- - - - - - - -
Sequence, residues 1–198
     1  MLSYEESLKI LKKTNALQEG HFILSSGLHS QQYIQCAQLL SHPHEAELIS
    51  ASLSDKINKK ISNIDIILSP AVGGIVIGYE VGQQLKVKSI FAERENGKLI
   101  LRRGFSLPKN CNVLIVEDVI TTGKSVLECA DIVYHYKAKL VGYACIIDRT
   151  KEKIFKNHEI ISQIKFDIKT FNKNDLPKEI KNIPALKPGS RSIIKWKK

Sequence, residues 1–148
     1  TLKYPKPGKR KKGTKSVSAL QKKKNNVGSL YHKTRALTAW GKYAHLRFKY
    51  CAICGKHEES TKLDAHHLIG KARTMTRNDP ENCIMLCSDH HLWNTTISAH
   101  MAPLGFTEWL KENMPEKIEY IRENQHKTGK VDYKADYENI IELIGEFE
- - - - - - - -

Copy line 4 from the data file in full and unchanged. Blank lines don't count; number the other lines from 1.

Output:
   101  LRRGFSLPKN CNVLIVEDVI TTGKSVLECA DIVYHYKAKL VGYACIIDRT